Which method of billing bandwidth is best?
These are all just different ways of billing for bandwidth and one way is not necessarily as good as any other way. It's just like the myriad of plans available for your cell phone - you have to find the one that is most cost-effective for you based on how and when you use your phone and who you call. If you are just starting up your web site you probably won't have to worry too much about bandwidth as your usage will probably below initially. As your web site or application use increases you will want to analyze your bandwidth usage and determine which method is most cost-effective for you. Also remember that even though in the above example the average MBPS billed was lower than the 95th percentile MBPS, the price for the two might be completely different. For instance you might only be billed $100 for 1 MBPS at the 95th percentile and $500 for 1 MBPS at the average price so you would be billed more for the average usage even though the MBPS billed was lower. Be smart and choose your bandwidth billing method wisely.
What is the formula to convert bandwidth from GB to MBPS?
Although measuring GB of data transfer and typical network usage in MBPS are both ways of billing people for network usage, they are not measuring the same thing and there is no accurate formula to predict what you will be billed via the different methods without looking at the actual data. In terms of a specific formula, if your network usage was exactly constant all the time you could say that you would get approximately 384GB of data for 1 MBPS data transfer in one month. However the reality is, your network usage goes up and down, so sometimes you will use .1 MBPS and sometimes you might use 5 MBPS. Billing for data transfer in GB is like billing how many gallons of water you used in one month. MBPS is like billing for how much water you were sending back and forth through a pipe at any given time a sample was taken during that month. As you can imagine, just because you know that you used 10 gallons of water in a month you will have no idea how much water you sent through the pipe at any given time without taking samples. You might have sent 10 MBPS all in one shot, or or you could have sent .1 MPBS 100 different times during the month, giving you two totally different usage rates for billing via MBPS. So how do you determine how much bandwidth you need if you are translating GB to MBPS? An estimate of 200 GB of data transfer for each 1 MBPS is a pretty good estimate for most applications, however your best bet will be to measure your usage.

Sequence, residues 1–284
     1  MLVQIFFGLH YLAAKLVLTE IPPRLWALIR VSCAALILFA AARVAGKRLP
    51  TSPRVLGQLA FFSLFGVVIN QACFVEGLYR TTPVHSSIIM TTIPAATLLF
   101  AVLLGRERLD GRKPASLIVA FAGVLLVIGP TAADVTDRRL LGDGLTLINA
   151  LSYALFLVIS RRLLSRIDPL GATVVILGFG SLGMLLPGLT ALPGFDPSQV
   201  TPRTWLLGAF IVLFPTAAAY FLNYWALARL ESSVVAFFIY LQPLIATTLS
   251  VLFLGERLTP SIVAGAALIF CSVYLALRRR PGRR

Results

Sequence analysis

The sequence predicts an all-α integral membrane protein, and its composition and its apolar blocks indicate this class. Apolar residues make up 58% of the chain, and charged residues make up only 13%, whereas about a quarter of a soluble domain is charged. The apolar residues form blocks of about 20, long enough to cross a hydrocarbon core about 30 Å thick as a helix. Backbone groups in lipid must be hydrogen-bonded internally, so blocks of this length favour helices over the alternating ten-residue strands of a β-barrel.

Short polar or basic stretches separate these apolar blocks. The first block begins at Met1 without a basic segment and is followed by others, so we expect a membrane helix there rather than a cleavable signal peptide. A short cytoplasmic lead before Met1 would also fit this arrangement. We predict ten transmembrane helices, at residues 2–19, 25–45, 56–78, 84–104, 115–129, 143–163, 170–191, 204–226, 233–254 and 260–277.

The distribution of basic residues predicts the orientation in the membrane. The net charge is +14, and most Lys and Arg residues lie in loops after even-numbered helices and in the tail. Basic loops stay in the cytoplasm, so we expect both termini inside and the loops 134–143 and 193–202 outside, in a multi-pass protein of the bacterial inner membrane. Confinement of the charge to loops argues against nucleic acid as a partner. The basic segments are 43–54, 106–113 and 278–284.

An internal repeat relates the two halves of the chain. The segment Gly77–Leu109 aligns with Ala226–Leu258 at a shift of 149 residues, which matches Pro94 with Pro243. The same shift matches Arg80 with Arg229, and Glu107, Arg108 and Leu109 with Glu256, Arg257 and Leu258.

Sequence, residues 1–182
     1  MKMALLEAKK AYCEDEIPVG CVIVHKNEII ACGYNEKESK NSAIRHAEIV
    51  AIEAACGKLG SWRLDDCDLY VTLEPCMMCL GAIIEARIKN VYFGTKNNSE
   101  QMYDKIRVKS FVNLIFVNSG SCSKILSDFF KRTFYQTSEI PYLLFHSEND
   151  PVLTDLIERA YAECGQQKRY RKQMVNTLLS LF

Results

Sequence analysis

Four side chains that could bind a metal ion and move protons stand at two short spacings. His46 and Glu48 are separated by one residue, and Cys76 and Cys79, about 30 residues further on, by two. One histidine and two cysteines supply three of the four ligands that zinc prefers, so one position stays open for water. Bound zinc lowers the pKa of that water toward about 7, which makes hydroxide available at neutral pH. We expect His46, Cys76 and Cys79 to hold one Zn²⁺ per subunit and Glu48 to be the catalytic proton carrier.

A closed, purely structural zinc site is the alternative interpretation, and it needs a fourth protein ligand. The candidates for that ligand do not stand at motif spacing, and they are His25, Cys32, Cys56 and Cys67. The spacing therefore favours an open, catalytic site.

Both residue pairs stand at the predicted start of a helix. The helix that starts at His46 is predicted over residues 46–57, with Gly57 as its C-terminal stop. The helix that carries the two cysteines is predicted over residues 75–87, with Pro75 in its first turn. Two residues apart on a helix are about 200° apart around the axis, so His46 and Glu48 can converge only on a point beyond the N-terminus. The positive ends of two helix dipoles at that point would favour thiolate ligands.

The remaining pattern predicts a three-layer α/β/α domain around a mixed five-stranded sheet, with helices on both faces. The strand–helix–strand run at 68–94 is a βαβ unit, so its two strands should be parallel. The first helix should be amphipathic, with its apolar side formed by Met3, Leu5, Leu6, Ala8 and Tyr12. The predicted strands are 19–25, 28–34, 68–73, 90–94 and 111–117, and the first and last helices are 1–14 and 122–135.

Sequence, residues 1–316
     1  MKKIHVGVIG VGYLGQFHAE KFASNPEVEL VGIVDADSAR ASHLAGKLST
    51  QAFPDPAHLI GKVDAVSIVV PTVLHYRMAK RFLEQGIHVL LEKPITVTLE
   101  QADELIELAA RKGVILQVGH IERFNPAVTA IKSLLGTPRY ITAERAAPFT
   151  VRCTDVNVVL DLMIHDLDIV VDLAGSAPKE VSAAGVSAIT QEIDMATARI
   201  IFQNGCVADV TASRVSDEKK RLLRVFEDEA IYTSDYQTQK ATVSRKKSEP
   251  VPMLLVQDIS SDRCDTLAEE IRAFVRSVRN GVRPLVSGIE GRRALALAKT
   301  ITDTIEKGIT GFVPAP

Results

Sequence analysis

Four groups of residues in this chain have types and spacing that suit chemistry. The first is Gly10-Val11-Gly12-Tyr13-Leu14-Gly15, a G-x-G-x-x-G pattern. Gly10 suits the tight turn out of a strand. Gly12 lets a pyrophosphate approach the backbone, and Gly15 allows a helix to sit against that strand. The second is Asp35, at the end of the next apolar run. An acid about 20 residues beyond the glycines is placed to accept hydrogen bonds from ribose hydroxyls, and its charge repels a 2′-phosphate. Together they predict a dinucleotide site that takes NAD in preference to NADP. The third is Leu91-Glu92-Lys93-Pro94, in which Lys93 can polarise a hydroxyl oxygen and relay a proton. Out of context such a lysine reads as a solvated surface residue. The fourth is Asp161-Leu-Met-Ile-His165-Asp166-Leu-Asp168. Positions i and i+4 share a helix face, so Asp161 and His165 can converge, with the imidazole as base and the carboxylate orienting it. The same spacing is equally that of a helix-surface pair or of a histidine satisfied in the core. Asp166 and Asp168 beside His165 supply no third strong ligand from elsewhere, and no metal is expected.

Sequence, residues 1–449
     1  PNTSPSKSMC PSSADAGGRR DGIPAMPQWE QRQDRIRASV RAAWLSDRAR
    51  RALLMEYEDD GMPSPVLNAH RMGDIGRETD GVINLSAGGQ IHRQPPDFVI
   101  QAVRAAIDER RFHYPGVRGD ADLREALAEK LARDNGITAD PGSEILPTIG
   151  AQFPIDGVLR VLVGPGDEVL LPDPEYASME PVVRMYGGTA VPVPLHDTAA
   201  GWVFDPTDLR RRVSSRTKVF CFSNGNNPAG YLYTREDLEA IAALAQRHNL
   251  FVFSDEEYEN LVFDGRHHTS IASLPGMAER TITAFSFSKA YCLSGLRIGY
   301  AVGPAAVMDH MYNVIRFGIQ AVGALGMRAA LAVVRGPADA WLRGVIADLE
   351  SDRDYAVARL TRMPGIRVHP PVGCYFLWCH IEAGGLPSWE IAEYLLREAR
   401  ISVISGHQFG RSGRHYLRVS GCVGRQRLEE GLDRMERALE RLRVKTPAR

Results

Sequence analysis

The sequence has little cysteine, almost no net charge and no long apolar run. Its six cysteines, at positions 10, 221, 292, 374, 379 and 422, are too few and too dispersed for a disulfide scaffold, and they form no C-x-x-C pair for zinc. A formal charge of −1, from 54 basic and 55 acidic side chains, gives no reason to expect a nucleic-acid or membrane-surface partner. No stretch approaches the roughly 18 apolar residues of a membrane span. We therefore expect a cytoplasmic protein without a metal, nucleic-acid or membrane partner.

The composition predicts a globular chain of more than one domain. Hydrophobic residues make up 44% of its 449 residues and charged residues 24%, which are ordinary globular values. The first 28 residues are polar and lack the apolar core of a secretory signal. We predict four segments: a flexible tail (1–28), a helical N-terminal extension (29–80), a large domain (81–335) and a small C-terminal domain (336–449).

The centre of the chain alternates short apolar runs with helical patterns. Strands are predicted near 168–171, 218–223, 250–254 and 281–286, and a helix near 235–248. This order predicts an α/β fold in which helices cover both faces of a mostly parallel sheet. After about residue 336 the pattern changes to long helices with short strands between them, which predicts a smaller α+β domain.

If you purchase a private line your line will have a certain amount of capacity and you will be billed for that capacity. If you are billed based on usage, you will still have a maximum capacity for how much data you can transfer at any one point in time. For instance you may have .3 MBPS bandwidth included in your contract and then if you go over that included amount you get billed an additional fee. You will have a limit as to how much you can "burst" to over and above your included amount. Typically you can burst up to either 10 MBPS or 100 MBPS. The more bursting capacity required, the more expensive the contract will be. Beware - bursting can lead to some unexpected charges if you don't carefully monitor your bandwidth usage!
How can I reduce bandwidth usage?
The way you utilize the network can increase or decrease your bandwidth usage. You can throttle some activities such as backups, compress large files before transferring, and configure applications to minimize bandwidth usage by taking advantage over client side capabilities to make calculations before submitting requests back to the server, for instance. Application architecture can be an important component of cost-effective network usage. It also helps to work with a colocation facility that monitors traffic and alerts you to potential problems.
Source Modified From: http://radicalsoftware.com/colocation/